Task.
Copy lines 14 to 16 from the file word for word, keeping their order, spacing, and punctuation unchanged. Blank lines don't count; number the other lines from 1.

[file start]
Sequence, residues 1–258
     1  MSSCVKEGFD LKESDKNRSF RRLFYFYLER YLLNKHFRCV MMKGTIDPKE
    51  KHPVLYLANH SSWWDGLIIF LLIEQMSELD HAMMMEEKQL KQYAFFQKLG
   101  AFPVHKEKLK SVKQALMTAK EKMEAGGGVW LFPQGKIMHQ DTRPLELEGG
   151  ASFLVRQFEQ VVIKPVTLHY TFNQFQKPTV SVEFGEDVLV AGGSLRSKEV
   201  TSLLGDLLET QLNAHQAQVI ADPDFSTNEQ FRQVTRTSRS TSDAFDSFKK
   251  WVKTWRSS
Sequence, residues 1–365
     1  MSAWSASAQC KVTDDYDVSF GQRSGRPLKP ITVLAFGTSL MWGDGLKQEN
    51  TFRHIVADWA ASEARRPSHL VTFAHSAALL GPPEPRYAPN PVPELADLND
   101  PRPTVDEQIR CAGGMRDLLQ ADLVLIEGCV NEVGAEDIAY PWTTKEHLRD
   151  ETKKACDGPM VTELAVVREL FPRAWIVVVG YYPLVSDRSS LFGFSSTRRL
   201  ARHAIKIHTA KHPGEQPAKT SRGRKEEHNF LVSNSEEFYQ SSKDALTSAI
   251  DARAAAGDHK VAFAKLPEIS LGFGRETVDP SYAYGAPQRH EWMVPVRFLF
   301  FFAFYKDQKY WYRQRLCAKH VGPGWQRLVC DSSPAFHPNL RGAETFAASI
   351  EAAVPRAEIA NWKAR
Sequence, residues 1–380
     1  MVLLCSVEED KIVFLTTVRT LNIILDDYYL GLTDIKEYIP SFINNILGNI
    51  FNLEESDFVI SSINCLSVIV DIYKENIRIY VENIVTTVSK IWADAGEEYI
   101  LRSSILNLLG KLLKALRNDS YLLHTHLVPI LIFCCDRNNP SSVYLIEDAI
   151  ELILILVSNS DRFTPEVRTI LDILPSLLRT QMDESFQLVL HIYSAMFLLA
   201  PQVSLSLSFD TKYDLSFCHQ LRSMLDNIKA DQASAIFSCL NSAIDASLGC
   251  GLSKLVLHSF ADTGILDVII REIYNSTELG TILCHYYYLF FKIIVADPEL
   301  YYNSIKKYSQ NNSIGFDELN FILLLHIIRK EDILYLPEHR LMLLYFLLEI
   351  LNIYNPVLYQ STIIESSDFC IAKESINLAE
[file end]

   251  DARAAAGDHK VAFAKLPEIS LGFGRETVDP SYAYGAPQRH EWMVPVRFLF
   301  FFAFYKDQKY WYRQRLCAKH VGPGWQRLVC DSSPAFHPNL RGAETFAASI
   351  EAAVPRAEIA NWKAR